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Comms over DC power cable


Well-Known Member
Most Helpful Member
Hi all,

Does anyone know of a low part count and cheap solution for bidirectional (half-duplex) communications on the 48VDC supply line? Baud rate of 19200bps would be nice.

I did a quick test with an LM567 @300kHz, but it is slow and unreliable. Also, it requires a very high SNR of -6dB.

Device is powered on a pair of wires, without being locally grounded, and can be connected in parallel with others, with differing cables lengths. All devices must be able to communicate with a master device, which is presumably using the same comms hardware as the satellite devices. Cables could be 100m long, and could have a fair bit of noise on them. They can also have up to 4A of current flowing through them, which feeds into an SMPS, so large valued decoupling inductors would not be suitable. Cable is similar to 2-core mains power cable.

Any ideas of simple to use devices?
You can check STMicroelectronics ST7540 Power Line Modem. The ST7540 is a Half Duplex synchronous/asynchronous FSK Modem designed for power line communication network applications. It operates from a single supply voltage and integrates a line driver and two linear regulators for 5V and 3.3V. The device operation is controlled by means of an internal register, programmable through the synchronous serial interface. Additional functions as watchdog, clock output, output voltage and current control, preamble detection, time-out and band in use are included. Realized in Multipower BCD5 technology that allows to integrate DMOS, Bipolar and CMOS structures in the same chip.
Years ago I did it on the power line at 120khz. (120 volts) Very slow communication.
I know companies that do power line communication in the 7 to 20mhz range.
I have done 48V, at 100khz without a receiver IC.
I use inductors to increase the power line impedance at the communication frequency. If the power wires look like 100 ohms at 100khz then it does not take much energy to stand 2 volts on top of the 48 volts.
Thanks aliarifat794. I've seen that IC, but it's quite expensive, and not too easy to source.

Thanks Ron. I was expecting more noise on my supply cable, but the devices are actually quite clean in that regard, so it might be fine without a specialised IC. What scheme were you using that slowed it down? Was it only transmitting at the zero-crossings (like X10)? From the signal I can see here, it looks like some filtering and envelope detection might be all that's needed (though I'm sure there'll be more noise when the devices are in their final places).
If you are on a 60hz power line you need zero crossing. That slows thing down. On a DC power line, there is no zero crossing.
The carrier frequency probably should be in one of the dead spots in the RF frequency band. 72khz, 120khz, 455khz 10.7mhz. (memory is bad)
You might look at the X10 ICs again.
ST micro Here is something to read. Data sheet for power line communication. 60hz, 70khz and 120khz Might give you some ideas.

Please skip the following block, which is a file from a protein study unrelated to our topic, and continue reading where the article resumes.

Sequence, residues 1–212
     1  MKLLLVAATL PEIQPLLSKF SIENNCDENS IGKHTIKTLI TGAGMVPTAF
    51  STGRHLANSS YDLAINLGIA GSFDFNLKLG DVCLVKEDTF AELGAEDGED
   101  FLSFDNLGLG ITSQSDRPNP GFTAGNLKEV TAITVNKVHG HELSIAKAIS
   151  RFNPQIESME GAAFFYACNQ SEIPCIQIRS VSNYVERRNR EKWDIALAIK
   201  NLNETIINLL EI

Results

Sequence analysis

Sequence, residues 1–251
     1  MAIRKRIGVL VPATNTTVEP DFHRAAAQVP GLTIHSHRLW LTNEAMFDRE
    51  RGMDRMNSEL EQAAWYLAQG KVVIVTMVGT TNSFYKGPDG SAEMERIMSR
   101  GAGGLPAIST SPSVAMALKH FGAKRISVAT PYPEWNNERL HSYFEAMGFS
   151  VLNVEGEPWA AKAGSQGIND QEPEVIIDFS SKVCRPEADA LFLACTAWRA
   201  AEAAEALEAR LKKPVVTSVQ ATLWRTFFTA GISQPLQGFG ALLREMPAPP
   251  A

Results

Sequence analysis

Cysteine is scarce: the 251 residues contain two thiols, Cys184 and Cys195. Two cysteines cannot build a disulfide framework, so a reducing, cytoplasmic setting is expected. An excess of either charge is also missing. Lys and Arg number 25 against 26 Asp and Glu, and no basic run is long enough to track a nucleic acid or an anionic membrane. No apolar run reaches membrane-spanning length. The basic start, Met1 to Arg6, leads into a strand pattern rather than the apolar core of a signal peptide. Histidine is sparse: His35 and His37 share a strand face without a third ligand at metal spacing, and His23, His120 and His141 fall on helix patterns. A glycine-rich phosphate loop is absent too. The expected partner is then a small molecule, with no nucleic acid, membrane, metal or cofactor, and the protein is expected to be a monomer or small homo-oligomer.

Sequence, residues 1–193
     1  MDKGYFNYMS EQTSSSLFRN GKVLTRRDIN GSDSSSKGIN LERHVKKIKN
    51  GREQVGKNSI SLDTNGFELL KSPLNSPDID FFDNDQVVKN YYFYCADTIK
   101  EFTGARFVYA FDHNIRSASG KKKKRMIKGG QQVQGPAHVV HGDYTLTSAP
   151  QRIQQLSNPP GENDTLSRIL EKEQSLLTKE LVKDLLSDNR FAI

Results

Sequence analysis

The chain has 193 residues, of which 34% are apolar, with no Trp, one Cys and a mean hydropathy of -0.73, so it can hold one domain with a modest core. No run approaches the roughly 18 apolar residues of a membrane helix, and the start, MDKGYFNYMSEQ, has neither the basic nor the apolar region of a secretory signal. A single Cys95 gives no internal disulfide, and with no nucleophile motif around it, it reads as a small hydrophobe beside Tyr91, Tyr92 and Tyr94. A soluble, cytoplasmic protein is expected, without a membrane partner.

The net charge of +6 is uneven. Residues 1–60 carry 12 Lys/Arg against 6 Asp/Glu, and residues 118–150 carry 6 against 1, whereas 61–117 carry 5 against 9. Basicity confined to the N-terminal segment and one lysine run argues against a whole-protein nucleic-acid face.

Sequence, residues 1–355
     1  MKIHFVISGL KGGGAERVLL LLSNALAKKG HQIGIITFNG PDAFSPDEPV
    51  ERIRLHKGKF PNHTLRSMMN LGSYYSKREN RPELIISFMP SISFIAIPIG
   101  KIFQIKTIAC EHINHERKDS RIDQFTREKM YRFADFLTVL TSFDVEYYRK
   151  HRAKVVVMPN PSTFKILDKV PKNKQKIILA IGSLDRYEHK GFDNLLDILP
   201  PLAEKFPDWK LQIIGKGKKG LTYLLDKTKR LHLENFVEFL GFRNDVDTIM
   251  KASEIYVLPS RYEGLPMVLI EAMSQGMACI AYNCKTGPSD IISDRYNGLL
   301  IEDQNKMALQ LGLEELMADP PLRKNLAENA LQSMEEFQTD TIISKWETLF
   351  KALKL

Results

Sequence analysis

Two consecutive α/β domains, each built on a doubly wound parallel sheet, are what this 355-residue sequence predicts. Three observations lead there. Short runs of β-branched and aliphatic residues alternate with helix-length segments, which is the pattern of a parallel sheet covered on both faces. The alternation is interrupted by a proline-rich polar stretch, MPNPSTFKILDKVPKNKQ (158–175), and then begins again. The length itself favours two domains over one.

IEEE has approved a low-frequency (≤ 500 kHz) standard called IEEE 1901.2
Within homes, the IEEE 1901 standards specify how, globally, existing AC wires should be employed for data purposes.
You should not use AM radio or FM radio frequencies. Stay away from 2ghz. Look at FCC band allocations.

Last time I used 48V power & com, on the receiving side we had a LC filter tuned at 120khz.
You might think about the switching power supplies in the project. I used 1 mhz PWMs to keep away from the 120khz. Do not make power noise near the band you are using.
The old X10 is AM and FM is better with noise but harder to make the receiver.

Baud rate of 19200bps would be nice.
Bits are coming at 20khz. Each bit could have 5 cycles of 100khz or 10 cycles of 200khz.
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Telephone Modems work full duplex on DC circuits using DSP's and hybrid transformers with high-compression quadrature phase modulation. It depends on how much DC power you need, affecting the network impedance and voltage. Since FCC limits restricted 64 kbps to 56k, this would no longer apply. This could also be scaled up to any bit rate with the carrier f but much work.
Years ago, there was many radios that used 120khz IF parts. Now days those parts are very hard to find. If you choose 455khz there are many ceramic resonators available and many band pass filters.

I transmitted with volts on the power line but as I rethink this, it is possible to transmit with mVs and use a radio IC to pick up low level signals. See below.

TA7642a Here is a link to a very small AM radio receiver. It works with very small signal levels and boost that up to 15mV output. This IC would work well at 455khz. Just a thought.
Thanks again. I have simulated the simple differential AM transmission and reception, using a couple of LC filters, amplifier, a peak detector and bit-slicer comparator. Seems to work alright across a wide enough range of input level and temperature.

A 455kHz resonator should be able to be dropped in place of the LC bandpass filters when they arrive to see how well they perform. Cheers